• NHS England wants providers to implement the Five year forward view, co-lead their local system towards new care models, help create local system sustainability and transformation plans and implement the outcomes of the cancer and mental health taskforces and the maternity review
  • CQC wants providers to deliver the right quality of care and guarantee the right levels of staffing in every setting
  • Department of Health wants providers to move to seven-day services, create a paperless NHS, and focus relentlessly on patient safety issues.

Each of these individual priorities on their own are sensible and command provider support. But, taken together, they are far too large a collective set of priorities to deliver consistently and effectively.


Trusts are leading much needed NHS transformation. Often, in a local health and care system, it is providers who can best offer the required management capacity and capability and experience of driving change. Set out below are examples of types of transformation and integration being pursued by providers. They are designed to improve patient experience and better meet patient needs while also improving efficiency. This can be achieved in a number of different ways, including providing more care closer to home or out of hospital; focusing on prevention and greater levels of patient self care; managing demand for hospital services; or better focussing on whole population health.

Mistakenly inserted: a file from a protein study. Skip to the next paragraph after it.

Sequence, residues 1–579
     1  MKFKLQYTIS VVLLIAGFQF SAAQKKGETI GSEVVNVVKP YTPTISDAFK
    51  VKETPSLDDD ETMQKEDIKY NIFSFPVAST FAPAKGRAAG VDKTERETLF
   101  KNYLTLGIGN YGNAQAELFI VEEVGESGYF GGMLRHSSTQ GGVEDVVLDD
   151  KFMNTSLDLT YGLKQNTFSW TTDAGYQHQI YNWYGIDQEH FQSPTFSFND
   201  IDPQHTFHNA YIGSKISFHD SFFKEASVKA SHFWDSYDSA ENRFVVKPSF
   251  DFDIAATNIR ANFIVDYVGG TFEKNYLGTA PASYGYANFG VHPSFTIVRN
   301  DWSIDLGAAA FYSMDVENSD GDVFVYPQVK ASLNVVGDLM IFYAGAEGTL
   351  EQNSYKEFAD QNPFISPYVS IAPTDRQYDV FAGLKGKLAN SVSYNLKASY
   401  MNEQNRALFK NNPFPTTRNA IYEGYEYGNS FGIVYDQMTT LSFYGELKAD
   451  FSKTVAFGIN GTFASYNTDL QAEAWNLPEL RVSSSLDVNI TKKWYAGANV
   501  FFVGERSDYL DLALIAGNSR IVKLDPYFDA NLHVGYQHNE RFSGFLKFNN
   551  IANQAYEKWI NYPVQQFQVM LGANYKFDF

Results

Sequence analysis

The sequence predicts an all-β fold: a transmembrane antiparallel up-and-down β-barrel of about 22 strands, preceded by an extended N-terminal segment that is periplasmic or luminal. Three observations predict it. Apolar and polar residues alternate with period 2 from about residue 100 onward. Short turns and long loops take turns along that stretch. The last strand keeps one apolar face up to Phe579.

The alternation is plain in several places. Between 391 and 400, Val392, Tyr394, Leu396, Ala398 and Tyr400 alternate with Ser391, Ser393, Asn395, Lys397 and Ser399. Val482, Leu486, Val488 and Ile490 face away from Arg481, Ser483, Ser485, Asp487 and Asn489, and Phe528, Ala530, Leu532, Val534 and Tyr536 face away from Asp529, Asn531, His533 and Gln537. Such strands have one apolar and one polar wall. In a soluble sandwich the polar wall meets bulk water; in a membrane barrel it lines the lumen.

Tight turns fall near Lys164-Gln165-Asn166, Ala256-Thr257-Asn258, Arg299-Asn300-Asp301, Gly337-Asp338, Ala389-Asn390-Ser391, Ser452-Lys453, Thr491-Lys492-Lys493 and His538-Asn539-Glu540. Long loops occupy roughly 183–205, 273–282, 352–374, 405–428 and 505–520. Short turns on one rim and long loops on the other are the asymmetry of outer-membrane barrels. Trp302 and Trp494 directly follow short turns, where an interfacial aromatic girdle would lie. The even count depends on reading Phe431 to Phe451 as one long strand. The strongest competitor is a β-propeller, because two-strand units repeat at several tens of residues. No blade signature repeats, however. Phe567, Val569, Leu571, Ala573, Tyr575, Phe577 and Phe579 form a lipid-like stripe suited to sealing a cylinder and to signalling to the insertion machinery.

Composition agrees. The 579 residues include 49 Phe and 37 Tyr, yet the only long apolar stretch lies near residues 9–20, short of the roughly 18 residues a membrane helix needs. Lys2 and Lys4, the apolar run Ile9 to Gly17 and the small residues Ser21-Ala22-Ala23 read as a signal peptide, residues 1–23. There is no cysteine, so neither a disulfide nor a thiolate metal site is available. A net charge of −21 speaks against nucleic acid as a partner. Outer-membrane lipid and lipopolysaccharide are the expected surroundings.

Accountable care organisations/systems – trusts like Salford NHS Foundation Trust and Northumbria Healthcare NHS Foundation Trust are moving to integrate acute, community, primary and social care with large parts of the commissioning function to create single organisational structures that provide care closer to home more efficiently.